Find a study method that works for you this exam period

As a student, it’s likely you will be studying a lot, especially heading towards exams. But have you ever thought about how you study?

Research has shown that students perform better on exams if they study in a way that is best suited to their own personal learning style and the nature of the material that needs to be understood.

Knowing about the variety of learning styles and choosing the one that works for you in each situation may help you to succeed not only throughout the exam period but as you progress through your course as well.

The VARK Model

The VARK model is a useful model of learning. Developed in 1987 by Neil Fleming, this model details four different strategies for learning that an individual might utilise in their studies.

These include:

  • Visual
  • Auditory
  • Read & Write
  • Kinaesthetic

Visual

Just as the name sounds, visual learning relies on what learners see.

If you have a visual preference, you will probably learn best when you use graphics or diagrams. Colour is also a big part of the visual approach, and is why some people excel when they use different coloured highlighters in their notes. Annotating notes or readings will help you see and remember important points and connections.

Additionally, visual learners also watch lots of videos. It’s amazing what you can achieve when you watch things and they stick in your memory.

While high school was a while ago for me, I still remember watching a lot of YouTube videos during biology study sessions. I found a few videos that explained concepts and diagrams really well, and I actually performed better than I was expecting. You might like to try a similar approach to see if it helps you as well.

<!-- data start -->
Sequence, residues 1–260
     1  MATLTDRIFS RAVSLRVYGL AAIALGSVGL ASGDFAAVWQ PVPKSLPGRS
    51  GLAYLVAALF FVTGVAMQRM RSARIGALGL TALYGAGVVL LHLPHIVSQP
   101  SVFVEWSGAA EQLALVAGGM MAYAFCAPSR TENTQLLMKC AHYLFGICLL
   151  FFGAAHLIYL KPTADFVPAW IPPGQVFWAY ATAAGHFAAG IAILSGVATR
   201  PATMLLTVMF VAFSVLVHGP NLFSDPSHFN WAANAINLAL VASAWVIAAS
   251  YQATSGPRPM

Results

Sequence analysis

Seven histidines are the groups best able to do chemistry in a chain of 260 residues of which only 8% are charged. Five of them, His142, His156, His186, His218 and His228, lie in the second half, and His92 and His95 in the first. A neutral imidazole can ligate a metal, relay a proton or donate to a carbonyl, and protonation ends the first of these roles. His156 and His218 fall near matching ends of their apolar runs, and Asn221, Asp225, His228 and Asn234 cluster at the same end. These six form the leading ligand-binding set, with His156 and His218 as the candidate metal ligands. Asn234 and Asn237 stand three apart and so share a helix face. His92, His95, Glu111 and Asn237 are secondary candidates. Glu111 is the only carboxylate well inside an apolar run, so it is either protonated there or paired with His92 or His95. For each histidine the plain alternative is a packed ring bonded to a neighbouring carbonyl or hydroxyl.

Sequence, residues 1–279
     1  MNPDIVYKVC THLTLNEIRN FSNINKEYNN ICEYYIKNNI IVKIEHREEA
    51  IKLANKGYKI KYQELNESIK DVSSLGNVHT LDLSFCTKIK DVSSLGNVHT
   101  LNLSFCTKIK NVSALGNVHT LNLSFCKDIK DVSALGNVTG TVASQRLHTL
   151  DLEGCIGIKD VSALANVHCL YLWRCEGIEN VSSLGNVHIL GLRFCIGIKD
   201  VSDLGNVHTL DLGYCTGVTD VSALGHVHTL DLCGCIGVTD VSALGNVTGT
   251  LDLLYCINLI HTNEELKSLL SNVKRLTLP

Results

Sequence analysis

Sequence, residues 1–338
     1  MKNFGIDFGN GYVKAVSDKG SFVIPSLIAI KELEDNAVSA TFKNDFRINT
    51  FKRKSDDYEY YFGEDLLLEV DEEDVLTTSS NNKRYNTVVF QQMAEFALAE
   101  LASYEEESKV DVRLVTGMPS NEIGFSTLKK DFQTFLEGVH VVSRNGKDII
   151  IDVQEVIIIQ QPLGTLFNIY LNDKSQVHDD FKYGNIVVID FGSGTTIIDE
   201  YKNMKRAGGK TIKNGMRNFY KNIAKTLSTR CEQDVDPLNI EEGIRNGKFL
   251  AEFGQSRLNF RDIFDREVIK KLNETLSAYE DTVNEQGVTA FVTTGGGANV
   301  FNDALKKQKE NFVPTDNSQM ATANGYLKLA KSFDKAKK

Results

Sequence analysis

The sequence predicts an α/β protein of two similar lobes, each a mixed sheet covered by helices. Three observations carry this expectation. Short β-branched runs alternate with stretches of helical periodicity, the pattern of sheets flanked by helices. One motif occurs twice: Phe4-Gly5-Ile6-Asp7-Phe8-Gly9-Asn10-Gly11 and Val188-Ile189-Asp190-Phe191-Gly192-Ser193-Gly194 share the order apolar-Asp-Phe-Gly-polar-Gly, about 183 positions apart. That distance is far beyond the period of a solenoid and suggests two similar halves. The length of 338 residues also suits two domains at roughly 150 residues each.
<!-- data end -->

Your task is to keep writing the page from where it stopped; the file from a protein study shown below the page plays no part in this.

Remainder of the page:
Auditory

Again, as the name suggests, the auditory method is suited to people who learn best when they listen – or those who have no option because that is the way material is presented!

Some people find note-taking doesn’t help them absorb knowledge, but listening to information seems to do wonders.

To improve your auditory learning skills, try the following:

  • ask your lecturer plenty of questions
  • record your lectures
  • record yourself reading information (you can even use your phone for this) or summarising what you have to learn. Play these recordings while you are driving, travelling on public transport, or as you go to sleep.
  • watch videos
  • actively participate in discussions – your peers’ thoughts can be a valuable resource.

Read & Write

This is a traditional way of learning, involving a lot of note-taking and reciting. It isn’t as simple as that, though. There are a few ways for you to perfect this method and exceed in your studies.

Firstly, and not surprisingly, take down as many notes as possible and rewrite them in your own words. That way, when you read them back you will be recalling your own thoughts and notes rather than notes that are from a book.

Some information in modules and books can be dull and lengthy at times. To make it easier, try to create dot points with the most crucial information. That way there is less to read but you are still absorbing all the important stuff.

If words are your thing, try to recreate diagrams and pictures into your own written notes. Finally, if your lecturer puts effort into creating handouts and information to circulate to your class, don’t lose them. Take the time to check them out – there might be some handy things in it to help you.

Kinaesthetic Learners

Kinaesthetic learning happens when people are being physically active and engaged. This method may really help students in a practical subject such as paramedics and nursing.

When writing notes, kinaesthetic learners should use plenty of examples. Make these examples as closely related to you as possible. Often that will help you remember them.

Studies have shown that kinaesthetic learners enjoy discussion. Talking about what you have learnt and studying with your friends and peers is a great way to remember information. Just make sure you don’t get distracted or go off topic.

Even simple and repetitive physical activities like walking, running, or bouncing a ball can help kinaesthetic learners when they are trying to memorise or understand information.

Try to experiment with a few different methods to find out what works for you.

If you need some extra information or help for your assessments and exams, don’t forget about Charles Sturt University’s Academic Skills Team. There are many services available to you, such as workshops, study skills, referencing and more.

Best of luck for your exams.